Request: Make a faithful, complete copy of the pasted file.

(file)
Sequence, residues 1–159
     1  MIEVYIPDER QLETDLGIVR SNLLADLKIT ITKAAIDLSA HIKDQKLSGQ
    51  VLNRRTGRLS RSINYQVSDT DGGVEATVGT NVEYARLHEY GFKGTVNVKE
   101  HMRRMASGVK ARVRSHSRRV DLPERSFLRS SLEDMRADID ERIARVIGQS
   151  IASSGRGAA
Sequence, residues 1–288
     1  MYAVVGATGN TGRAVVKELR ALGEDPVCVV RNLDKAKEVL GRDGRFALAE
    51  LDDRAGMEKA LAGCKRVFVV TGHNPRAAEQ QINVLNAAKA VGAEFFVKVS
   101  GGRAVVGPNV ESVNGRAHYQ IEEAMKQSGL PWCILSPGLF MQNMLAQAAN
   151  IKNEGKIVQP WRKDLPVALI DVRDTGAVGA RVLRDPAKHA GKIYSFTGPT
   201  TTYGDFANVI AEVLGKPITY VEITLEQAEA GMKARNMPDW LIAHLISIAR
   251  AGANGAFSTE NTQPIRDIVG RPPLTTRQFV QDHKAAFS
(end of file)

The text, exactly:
Sequence, residues 1–159
     1  MIEVYIPDER QLETDLGIVR SNLLADLKIT ITKAAIDLSA HIKDQKLSGQ
    51  VLNRRTGRLS RSINYQVSDT DGGVEATVGT NVEYARLHEY GFKGTVNVKE
   101  HMRRMASGVK ARVRSHSRRV DLPERSFLRS SLEDMRADID ERIARVIGQS
   151  IASSGRGAA
Sequence, residues 1–288
     1  MYAVVGATGN TGRAVVKELR ALGEDPVCVV RNLDKAKEVL GRDGRFALAE
    51  LDDRAGMEKA LAGCKRVFVV TGHNPRAAEQ QINVLNAAKA VGAEFFVKVS
   101  GGRAVVGPNV ESVNGRAHYQ IEEAMKQSGL PWCILSPGLF MQNMLAQAAN
   151  IKNEGKIVQP WRKDLPVALI DVRDTGAVGA RVLRDPAKHA GKIYSFTGPT
   201  TTYGDFANVI AEVLGKPITY VEITLEQAEA GMKARNMPDW LIAHLISIAR
   251  AGANGAFSTE NTQPIRDIVG RPPLTTRQFV QDHKAAFS